If you cater to clients who run large businesses, you know that they face increasingly varied risks every day from such as terrorism; service interruption; supply chain disruption; reputational risk; political instability; and challenges to intellectual property rights.
While conventional insurance will cover aspects of a number of such problems, there are others that are not so straightforward: reputational risk, for instance, for a company who cannot deliver, or perhaps a company loses a court case to determine ownership of intellectual property, necessitating a work-around or even abandonment of a complete product line.
How can a company cope with such contingencies? Perhaps with a little help from London-based Lockton Companies LLP, which recently announced that it has developed a set of new risk tools to help companies cope with the “uninsurable.”
Emily Freeman, executive director, technology and global privacy practice at Lockton, said that coverage is designed around the eventualities a company fears: “You define what keeps you up at night.” While previously a business might have had to opt for multiple specialized policies to cover what it could of such specialized risks, or take its own steps to mitigate losses if coverage could not be bought, Lockton’s enterprise disruption contingency insurance provides individualized coverage against risks that might haunt a company’s board or CEO in the wee hours.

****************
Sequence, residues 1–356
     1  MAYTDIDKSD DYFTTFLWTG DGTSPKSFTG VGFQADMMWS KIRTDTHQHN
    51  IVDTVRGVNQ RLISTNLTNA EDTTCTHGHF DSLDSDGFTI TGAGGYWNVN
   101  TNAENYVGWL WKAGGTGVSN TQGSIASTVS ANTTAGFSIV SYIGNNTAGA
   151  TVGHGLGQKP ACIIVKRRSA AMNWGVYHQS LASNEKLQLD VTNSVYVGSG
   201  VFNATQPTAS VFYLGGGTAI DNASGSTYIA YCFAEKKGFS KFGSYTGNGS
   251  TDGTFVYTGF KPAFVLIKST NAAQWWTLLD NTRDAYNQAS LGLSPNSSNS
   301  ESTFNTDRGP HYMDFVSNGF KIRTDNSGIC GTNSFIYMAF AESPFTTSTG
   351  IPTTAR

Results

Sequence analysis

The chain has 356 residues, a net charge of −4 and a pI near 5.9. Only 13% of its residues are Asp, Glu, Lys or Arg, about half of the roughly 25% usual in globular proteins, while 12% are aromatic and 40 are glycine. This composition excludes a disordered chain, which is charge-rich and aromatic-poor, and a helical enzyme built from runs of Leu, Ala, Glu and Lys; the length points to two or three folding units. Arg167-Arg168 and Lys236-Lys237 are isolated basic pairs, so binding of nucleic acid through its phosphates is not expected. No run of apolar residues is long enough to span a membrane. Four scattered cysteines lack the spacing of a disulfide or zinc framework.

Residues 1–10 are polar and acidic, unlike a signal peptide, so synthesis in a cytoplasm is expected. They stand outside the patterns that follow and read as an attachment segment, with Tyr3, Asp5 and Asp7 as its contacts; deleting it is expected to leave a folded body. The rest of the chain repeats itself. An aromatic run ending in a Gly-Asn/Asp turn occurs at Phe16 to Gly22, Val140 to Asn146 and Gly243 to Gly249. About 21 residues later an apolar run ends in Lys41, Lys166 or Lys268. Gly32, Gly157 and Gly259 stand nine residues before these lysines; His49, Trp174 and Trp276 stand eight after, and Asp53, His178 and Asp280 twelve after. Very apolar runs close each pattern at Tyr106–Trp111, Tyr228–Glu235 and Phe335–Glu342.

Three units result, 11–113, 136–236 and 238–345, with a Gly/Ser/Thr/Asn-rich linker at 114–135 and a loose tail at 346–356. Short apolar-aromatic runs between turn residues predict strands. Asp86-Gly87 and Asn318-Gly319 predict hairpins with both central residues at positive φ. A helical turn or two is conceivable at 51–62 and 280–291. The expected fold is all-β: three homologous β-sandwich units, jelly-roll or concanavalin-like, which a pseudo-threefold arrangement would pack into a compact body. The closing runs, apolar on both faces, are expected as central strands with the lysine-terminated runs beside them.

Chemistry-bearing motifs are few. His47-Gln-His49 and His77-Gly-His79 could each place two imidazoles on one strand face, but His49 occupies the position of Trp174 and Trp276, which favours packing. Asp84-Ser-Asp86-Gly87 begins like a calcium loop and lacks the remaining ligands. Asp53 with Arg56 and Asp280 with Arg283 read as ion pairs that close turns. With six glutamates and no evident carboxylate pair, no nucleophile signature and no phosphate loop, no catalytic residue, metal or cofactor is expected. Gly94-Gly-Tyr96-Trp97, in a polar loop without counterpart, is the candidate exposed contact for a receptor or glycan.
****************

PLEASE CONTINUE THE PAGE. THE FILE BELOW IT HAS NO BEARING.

A typical business that might use such coverage would be one with at least $100 million in revenues. Says Freeman, “There’s no minimum revenue, but it starts to get much more meaningful in the middle range and up.” There’s no upper end, either, she says, although coverage is “not designed to solve the problems of the Fortune 50.”
What would such insurance cover? Contingency, operational and reputational risk, and their effects on EBITDA income and expenses—loss of business income and the incurring of extra expense that stems from losses outside traditional physical damages.